Many of Sweden's Samis now live in Stockholm, and one of the country's major celebrations of the Sami national day is at Skansen, Stockholm's outdoor cultural museum.
After centuries of exploitation at the hands of their Scandinavian neighbours, today the Samis face far fewer problems than many indigenous peoples in other parts of the world. However they do still have problems including a fight for land rights - Unlike Norway and Finland, Sweden still refuses to sign the UN Declaration on the rights of indigenous peoples - fearing that the non-sami residents of northern Sweden would lose their land rights.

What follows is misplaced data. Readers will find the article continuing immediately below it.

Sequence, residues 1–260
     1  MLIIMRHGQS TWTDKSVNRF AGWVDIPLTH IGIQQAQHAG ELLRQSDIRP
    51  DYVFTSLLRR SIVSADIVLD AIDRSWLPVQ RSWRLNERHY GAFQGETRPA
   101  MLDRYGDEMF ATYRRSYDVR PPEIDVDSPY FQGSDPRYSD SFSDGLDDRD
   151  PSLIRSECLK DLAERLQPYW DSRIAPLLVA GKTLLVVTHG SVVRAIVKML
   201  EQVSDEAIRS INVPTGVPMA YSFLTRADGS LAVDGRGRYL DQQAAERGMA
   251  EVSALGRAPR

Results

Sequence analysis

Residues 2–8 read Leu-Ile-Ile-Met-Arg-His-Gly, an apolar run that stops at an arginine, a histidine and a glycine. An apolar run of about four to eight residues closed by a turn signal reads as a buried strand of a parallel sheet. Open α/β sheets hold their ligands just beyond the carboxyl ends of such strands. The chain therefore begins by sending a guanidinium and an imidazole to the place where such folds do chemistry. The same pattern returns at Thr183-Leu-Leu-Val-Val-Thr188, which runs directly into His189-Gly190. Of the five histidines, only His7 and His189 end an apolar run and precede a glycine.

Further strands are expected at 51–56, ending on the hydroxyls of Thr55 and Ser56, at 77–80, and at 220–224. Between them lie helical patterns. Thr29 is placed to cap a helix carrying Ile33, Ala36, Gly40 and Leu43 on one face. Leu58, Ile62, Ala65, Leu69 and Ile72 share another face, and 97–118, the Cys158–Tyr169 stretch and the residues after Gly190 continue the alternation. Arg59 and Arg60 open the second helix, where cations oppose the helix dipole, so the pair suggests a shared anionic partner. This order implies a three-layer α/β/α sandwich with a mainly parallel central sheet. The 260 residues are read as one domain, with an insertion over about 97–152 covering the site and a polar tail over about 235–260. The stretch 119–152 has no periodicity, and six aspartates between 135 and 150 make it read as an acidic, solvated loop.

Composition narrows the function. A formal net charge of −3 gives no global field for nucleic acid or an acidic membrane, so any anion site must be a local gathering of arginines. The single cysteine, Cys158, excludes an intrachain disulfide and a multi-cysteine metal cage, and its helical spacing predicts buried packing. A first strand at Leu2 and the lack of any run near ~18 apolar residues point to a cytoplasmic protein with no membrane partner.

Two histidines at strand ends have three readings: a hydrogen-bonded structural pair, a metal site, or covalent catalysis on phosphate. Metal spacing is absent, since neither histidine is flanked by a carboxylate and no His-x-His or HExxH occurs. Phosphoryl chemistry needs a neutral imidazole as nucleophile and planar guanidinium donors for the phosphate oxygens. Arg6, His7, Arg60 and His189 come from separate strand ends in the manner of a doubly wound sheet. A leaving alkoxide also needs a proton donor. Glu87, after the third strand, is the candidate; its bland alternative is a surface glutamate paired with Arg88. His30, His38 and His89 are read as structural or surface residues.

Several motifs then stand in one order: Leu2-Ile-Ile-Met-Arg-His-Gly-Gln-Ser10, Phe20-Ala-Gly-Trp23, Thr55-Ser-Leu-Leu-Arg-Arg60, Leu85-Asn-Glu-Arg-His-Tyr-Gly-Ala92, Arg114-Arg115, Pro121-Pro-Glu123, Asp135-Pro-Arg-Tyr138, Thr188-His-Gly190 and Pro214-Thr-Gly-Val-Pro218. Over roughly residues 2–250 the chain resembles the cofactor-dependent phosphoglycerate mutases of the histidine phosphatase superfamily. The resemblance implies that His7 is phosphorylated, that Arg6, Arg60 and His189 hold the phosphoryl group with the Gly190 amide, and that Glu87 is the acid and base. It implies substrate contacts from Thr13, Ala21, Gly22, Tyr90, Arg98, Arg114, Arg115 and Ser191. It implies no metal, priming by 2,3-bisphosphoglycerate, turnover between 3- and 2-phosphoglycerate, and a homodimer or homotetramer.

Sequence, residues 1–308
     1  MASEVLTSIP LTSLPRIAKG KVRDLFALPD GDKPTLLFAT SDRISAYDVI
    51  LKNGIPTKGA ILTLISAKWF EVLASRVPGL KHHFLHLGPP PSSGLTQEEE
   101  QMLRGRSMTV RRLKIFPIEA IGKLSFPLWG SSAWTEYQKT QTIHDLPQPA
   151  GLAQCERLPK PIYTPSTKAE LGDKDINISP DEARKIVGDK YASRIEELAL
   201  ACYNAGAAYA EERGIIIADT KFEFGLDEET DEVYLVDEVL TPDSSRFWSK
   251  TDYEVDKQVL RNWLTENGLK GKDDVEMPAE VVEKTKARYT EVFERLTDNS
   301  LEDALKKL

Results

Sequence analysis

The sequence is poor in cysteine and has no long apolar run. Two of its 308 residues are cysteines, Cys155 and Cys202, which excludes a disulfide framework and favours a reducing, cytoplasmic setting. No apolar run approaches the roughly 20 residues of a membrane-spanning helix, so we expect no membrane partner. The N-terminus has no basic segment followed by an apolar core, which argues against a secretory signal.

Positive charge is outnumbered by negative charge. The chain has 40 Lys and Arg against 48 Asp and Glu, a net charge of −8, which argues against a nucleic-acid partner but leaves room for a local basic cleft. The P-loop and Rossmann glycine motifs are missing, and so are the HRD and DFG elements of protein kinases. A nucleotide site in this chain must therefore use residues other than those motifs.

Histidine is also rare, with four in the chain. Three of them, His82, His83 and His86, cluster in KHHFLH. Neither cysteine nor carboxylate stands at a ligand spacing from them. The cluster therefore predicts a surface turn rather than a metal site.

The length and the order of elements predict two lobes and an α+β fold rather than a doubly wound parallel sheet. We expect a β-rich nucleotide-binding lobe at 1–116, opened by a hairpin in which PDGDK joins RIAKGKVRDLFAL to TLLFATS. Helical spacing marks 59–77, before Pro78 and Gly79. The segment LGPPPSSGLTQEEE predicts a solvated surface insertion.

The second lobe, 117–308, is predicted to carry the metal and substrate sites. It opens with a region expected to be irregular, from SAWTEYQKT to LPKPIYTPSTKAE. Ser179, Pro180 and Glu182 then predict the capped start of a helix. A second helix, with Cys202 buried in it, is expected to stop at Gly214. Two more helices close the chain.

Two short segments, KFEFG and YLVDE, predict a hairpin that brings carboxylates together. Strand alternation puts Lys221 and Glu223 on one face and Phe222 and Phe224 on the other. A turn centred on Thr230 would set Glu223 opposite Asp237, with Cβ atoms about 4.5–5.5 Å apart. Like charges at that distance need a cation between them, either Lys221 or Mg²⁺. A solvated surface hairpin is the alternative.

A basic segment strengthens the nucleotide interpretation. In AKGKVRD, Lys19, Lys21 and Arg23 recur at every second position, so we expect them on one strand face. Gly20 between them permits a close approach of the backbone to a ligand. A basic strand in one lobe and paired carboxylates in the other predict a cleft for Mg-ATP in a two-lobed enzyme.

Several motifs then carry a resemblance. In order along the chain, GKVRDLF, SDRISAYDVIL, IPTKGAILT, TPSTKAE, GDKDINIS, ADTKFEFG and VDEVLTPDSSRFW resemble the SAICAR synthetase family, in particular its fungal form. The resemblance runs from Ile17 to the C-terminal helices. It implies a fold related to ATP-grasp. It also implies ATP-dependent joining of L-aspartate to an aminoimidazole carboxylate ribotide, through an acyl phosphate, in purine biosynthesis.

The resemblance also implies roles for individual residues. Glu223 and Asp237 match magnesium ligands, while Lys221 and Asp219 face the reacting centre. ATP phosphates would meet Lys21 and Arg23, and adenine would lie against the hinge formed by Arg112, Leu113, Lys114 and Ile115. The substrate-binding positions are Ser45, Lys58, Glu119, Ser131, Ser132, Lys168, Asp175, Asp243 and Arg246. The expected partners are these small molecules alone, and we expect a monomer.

Sami Day falls on February sixth because this date was when the first Sami congress was held in Norway in 1917 with Norwegian and Swedish Sami coming together for the first time to try and solve their problems collectively. The first time Sami National Day was celebrated was in 1993